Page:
Helena Forest Service

National Forest land in Montana. Photo credit: USDA Forest Service

Dec 15, 2016 • This afternoon at #AGU16, Dr. Rick Lawrence presented a poster on his work using a continuous mapping method to enable better forest management. Here is what he shared with us:

Presentation Title
Beyond Forest Classification: Continuous Mapping of Forest Species Composition, Mortality, and Sub-Canopy Using Landsat Imagery and Agnostic Analysis

What are the major findings of this research?
We were able to map (1) percent canopy cover of five different conifer species in mixed forest stands with mean errors of less than 4% between observed and predicted composition, depending on the species, (2) percent forest mortality with mean errors of less than 3%, and (3) post disturbance surviving sub-canopy composition by species with mean errors of five or less trees per Landsat pixel, depending on the species.

What are the implications of your findings?
This research moves us well beyond the traditional forest mapping approaches of mapping only dominant tree species and only presence or absence of mortality. This information is critical for forest managers, because, for example, often non-dominant forest species are critical for understanding the functioning of particular forests. Endangered Canada lynx, for example, respond to conditions where only 30% of the canopy consists of spruce and fir. Similarly, there are vastly different ecosystem effects between a forest that has experienced 50% mortality versus one that has experienced 100% mortality.

What insight did you gain from Landsat 8 that would have been impossible to glean otherwise?
We believe this type of continuous mapping of forest metrics at expansive scales would not have been possible without the excellent radiometric characteristics of Landsat 8, particularly the high level of quantization and the outstanding signal-to-noise ratio, which enables fine distinctions that were not previously possible. Modern machine-learning algorithms are able to exploit these sensor characteristics.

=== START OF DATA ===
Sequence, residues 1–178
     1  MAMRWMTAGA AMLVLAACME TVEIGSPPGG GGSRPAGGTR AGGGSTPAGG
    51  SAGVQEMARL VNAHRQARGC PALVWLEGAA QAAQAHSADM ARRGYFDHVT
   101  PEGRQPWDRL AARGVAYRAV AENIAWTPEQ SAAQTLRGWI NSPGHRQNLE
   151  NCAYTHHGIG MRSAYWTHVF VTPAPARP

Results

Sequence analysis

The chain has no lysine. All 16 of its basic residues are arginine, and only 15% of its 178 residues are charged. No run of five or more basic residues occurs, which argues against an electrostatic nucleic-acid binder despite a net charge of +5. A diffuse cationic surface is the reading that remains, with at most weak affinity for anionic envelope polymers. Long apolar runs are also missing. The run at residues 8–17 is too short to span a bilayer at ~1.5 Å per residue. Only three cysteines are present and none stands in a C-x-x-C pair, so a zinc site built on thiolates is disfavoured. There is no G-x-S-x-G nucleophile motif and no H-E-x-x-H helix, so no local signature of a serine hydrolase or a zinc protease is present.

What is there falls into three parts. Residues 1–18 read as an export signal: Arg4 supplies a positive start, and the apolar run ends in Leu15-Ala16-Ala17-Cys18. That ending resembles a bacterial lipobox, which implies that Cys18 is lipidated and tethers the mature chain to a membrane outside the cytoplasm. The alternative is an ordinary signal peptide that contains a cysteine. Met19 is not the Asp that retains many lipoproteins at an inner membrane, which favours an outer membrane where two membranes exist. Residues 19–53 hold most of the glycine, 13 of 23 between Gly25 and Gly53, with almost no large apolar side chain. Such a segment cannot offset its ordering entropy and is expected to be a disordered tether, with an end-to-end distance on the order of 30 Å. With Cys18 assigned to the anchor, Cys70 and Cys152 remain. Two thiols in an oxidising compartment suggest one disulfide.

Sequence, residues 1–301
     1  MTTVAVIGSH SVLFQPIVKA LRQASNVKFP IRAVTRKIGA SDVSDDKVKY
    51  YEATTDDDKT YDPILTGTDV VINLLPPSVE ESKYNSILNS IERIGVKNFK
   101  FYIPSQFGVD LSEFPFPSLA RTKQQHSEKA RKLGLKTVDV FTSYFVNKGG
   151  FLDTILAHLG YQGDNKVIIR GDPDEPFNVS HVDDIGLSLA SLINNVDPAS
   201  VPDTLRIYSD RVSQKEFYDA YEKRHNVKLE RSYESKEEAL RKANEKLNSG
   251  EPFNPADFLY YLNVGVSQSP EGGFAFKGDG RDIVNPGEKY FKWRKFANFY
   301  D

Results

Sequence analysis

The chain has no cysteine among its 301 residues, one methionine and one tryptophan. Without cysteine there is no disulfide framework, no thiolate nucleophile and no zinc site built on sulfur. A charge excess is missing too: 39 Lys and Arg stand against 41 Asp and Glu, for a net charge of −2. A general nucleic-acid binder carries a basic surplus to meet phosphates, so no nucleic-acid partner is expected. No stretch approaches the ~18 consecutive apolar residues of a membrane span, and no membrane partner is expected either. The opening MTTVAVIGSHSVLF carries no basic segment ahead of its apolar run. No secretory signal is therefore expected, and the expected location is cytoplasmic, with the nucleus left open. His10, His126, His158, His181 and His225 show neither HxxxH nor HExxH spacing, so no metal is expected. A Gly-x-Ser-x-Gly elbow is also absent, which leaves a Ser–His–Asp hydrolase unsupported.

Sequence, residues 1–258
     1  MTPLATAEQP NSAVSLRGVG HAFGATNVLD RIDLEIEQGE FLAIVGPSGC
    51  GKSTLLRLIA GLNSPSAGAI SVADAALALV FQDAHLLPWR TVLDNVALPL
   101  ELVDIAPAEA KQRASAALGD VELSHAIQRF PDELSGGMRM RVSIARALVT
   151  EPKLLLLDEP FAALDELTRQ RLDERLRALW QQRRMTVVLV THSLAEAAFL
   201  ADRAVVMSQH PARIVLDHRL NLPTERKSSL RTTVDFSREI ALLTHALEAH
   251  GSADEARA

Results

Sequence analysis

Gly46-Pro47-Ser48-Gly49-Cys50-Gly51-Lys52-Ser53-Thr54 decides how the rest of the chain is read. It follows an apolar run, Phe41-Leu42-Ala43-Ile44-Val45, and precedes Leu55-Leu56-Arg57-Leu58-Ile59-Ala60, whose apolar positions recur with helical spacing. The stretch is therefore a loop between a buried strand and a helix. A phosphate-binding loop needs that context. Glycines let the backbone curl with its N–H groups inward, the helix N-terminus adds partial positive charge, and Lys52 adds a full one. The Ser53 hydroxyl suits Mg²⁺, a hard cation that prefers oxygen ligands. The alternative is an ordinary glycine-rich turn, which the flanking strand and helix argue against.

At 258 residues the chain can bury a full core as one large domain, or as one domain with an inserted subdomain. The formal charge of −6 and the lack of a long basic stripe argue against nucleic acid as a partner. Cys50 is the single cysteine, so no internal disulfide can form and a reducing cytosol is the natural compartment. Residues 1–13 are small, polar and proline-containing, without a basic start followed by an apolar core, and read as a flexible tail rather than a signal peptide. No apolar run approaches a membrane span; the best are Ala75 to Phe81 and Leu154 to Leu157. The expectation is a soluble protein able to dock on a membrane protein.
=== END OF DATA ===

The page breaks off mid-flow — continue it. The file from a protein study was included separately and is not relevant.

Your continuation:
Do you foresee your methodology being used to evaluate Canada lynx habitat or to aid decision making aboutpost-beetle mortality harvesting?
We are carrying out this research in conjunction with Forest Service lynx experts, and the results of this research are currently being actively used both in northwest Montana and southern Colorado to evaluate lynx habitat, as well as for general forest planning purposes, as these data provide much more in-depth knowledge about the state of forest conditions than has previously been available to the forests in these regions.

map of tree mortality in Helena National Forest

A map of estimated percent tree mortality for a study area located in the south central portion of the Helena National Forest in western Montana that has been affected by the bark beetle. Image credit: Long & Lawrence, 2016.

 
Co-authors:

Shannon Savage
Montana State University

John Long
Northern State University

Emma Bode
Montana State University

John Squires
US Forest Service Rocky Mountain Research Station

Lucretia Olson
US Forest Service Rocky Mountain Research Station

 
This work was made possible by the USDA Forest Service, Joint Venture Agreement 12-CS-11221635-176, Agriculture and Food Research Initiative Competitive Grant 2013-68005-21298 from the USDA National Institute of Food and Agriculture, Grant/Cooperative Agreement 08HQGR0157 from the US Geological Survey (USGS) via a subaward from AmericaView, and the Montana Agricultural Experiment Station.

 
 
Anyone can freely download Landsat data from the USGS EarthExplorer or LandsatLook.

Further Reading:
+ Landsat Abounds at #AGU16